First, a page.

I completely forgot that although to college kids, frozen and canned food is considered cuisine, the "adult world" doesn't share the sentiment. Whoops. Luckily, I made up for this blunder with my experience and positive attitude, and ended up getting the Media Buying Internship. I have since developed a love of traveling, which HR Generalists see as a much more legitimate pastime.
Recenlty, PleaseFeedTheAnimals, a blog for the recenlty unemployed advertising professional, released a trailor for a new movie they are producing, called Lemonade. It's an inspiring documentar of what laid off professionals have done with their time now that they are no longer in the biz:
This, of course, is another way to go about unemployment (note his hat):
At my High School prom, there was a girl in a Duct Tape dress. Apparently, Duck Tape holds a contest each year called "Stuck at Prom" to see what male/female pair can create the best enemble completely out of Duct Tape. Why do it? The winners receive $6K scholarship.
"Now, in just a few simple steps, you can begin displaying ads that are relevant to the topics you’re discussing — in an unobtrusive screen above your head.
Anyone taking part in the conversation can hit the ad with their hand to immediately take advantage of the product or service being offered. With our new Teleportation Technology(TM), you’ll be transported directly to the site where the service is available, or have the product appear instantaneously in your hands.
How do I add Google ads to my conversations? Once you sign up, we’ll send you an adjustable screen and special AdSense headgear to attach it."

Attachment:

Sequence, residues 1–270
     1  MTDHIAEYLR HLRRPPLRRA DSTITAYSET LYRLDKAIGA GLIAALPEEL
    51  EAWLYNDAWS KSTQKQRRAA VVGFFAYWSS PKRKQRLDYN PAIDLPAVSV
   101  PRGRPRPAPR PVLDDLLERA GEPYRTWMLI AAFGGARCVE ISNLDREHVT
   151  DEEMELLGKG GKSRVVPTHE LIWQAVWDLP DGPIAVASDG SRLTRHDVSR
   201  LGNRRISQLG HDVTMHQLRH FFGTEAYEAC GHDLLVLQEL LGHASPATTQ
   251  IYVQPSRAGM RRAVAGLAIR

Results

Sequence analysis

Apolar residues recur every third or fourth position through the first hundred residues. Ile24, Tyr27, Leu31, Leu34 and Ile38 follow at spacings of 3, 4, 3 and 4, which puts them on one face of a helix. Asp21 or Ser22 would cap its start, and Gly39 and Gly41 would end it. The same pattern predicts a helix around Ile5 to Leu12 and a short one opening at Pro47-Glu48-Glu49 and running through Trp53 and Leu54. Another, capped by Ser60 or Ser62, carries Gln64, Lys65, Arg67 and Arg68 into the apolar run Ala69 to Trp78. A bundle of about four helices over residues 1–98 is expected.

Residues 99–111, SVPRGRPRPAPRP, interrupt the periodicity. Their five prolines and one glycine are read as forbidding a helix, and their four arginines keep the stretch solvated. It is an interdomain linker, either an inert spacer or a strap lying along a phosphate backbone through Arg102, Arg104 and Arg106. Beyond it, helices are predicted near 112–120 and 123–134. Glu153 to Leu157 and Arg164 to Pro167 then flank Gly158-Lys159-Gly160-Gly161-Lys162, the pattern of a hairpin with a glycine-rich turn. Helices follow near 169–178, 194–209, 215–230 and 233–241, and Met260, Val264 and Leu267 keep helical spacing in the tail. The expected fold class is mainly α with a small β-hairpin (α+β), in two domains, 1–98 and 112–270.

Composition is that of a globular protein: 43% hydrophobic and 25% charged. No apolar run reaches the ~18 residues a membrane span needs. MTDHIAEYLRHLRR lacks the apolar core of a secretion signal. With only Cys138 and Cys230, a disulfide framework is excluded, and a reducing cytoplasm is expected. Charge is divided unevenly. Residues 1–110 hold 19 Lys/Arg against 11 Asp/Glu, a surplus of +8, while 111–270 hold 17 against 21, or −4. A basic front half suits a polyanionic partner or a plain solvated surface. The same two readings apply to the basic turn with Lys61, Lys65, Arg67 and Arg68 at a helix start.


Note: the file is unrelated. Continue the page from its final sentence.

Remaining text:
Truth is, though, a concept like this may not be that far off. Advertisers have already found a way to sponsor graudation speeches. Advertising in conversations doesn't seem so foreign, huh?
What are they talking about? I freaking love interning. Being able to absorb company culture, business life lessons, and network like it's your job for a predetermined period of time? I wish I could intern full time...
There are a lot of things to look out for when buying media. You have to make sure the environment in which you are placing your message is conducive to positive feelings about the brand. In other words, you don't want to send mixed messages. Here are some examples of when the vendors and the buyers got it wrong (via CollegeHumor and CollegeCandy):
Axe For Women
Until I started working at Mindshare, who handles all the Media for Axe, I loathed the cologne... as a scent, as a brand, as a mindset, etc. It physically and professionally hurts to see a product stoop so low as to try to use the basic sex appeal to sell their products. It's cheap.
Even though I don't work on the Unilever / Axe account, I've really come to appreciate the brand's sharp, witty satire during my time here (see World's Dirtiest Film and The Fixer Show).
But what would happen if the philosophy was reversed? Axe for women: